Thursday, June 15, 2017

I Corinthians 10: Raising The Standard

Paul is concerned for the quality of the Corinthians' faith and their daily living.  After all, we have a stark example from Israel's history that it matters how we live and worship.  What should be the standard for living out our faith?

Beginning in New Testament times, a comparison has often been drawn between the Israelite sojourners in the wilderness, and the Christian pilgrimage of sanctification.  Paul is one of the first to describe the spiritual similarities between engaging in rowdiness, testing, and complaining - then and now.  His challenge to the Corinthian church is to avoid the mistakes of the ancient Israelites and instead pursue a higher calling that will please God.

Paul specifically applies this teaching to the matter of idolatry.  He clearly commands the Christians not to engage in pagan worship (vs. 14).  Thus, we may not join in eating what has been sacrificed to idols (or demons).  Christ and idols are mutually exclusive - we cannot share in both the cup of Christ and the cup of demons.

Yet there is the corollary issue - what of carcasses that had been sacrificed to an idol but then brought out to the meat market to be sold?  Is it polluted?  This was a live issue for the Corinthians - in the marketplace of that era, it was common to find meat that had been slaughtered in the pagan temples for sacrifice.  Because Paul knows that serving as an idol sacrifice doesn't really affect the meat itself, he counsels that the Corinthians shouldn't be troubled about it.  "Eat whatever is sold in the meat market" (vs. 25) and "eat whatever is set before you" (vs. 27).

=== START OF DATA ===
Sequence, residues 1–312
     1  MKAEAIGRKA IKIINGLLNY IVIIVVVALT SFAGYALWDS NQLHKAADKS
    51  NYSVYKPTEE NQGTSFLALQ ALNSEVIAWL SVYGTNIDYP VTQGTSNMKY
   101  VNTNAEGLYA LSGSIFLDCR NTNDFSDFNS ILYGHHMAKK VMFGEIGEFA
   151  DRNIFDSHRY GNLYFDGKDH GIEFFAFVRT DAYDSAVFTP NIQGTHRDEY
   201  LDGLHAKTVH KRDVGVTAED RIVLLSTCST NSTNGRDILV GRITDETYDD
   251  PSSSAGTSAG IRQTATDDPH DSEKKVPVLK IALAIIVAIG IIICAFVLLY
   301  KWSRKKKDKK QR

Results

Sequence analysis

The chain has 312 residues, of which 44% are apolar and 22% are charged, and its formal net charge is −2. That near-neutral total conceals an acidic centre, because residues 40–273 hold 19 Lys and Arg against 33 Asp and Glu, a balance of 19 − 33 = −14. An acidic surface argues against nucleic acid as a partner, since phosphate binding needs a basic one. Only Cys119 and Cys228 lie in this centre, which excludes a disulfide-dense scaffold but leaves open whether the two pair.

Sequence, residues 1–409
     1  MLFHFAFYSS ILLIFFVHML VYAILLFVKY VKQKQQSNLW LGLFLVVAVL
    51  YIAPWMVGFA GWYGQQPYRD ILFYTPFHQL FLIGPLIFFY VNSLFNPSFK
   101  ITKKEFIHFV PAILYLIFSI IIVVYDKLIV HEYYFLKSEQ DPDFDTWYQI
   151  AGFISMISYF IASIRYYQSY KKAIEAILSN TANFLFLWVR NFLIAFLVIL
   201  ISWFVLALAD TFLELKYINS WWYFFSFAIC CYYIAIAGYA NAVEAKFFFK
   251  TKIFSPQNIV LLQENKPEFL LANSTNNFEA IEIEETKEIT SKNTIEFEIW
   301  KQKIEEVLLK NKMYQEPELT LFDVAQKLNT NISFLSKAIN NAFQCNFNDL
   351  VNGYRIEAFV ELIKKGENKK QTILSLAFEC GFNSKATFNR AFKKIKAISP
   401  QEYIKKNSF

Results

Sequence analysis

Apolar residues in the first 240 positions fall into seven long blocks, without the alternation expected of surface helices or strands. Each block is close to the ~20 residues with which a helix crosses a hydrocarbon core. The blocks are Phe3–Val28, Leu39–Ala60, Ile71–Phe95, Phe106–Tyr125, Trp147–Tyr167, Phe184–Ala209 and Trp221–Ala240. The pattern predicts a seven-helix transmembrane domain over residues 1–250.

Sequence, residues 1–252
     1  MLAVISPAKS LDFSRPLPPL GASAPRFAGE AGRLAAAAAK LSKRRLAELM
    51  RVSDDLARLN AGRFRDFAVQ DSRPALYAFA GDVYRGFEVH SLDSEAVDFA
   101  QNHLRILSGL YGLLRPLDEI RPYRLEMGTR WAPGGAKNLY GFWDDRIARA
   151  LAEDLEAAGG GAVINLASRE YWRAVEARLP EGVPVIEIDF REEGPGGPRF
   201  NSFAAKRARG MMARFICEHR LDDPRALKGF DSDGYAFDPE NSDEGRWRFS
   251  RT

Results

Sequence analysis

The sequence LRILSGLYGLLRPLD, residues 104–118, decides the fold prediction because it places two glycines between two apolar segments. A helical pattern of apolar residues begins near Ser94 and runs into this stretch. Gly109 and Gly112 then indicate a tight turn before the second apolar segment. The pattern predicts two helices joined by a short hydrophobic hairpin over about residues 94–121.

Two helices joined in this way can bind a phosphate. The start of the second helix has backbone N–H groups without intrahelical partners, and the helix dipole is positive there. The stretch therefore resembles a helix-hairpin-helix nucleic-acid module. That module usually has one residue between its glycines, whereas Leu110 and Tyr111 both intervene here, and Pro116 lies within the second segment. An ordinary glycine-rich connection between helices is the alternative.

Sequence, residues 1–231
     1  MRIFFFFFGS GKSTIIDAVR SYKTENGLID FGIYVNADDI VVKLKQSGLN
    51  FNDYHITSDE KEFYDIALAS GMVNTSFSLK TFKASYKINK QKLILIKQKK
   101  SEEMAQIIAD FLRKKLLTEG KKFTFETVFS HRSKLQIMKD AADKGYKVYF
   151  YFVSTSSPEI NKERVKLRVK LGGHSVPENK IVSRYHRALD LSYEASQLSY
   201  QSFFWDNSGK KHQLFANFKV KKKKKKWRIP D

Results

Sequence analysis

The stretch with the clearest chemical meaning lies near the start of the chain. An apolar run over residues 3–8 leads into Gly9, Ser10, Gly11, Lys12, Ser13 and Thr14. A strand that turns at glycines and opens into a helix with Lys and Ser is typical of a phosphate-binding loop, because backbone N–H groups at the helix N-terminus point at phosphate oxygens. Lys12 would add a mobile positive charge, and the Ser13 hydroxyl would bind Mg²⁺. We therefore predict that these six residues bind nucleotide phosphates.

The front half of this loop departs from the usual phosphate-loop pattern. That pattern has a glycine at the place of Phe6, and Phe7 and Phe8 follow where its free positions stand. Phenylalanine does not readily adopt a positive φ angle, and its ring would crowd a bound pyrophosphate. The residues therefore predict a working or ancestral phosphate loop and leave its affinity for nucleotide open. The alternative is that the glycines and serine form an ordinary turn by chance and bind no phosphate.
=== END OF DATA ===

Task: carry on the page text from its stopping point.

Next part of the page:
However, Paul also realizes that other believers, whose consciences are weak, could be troubled and led astray by seeing their brothers and sisters eating meat that they know has been sacrificed.  Therefore, Paul gives the corresponding word that, if it becomes known that the food is spiritually "tainted," Christians should refrain from eating, lest they give offense to their spiritual brothers and sisters.  Otherwise, a policy of "don't ask, don't tell" should be good enough when it comes to what we eat. 

To sum up: Always be considerate of others - whatever you do, do it for the glory of God! (vs. 31)

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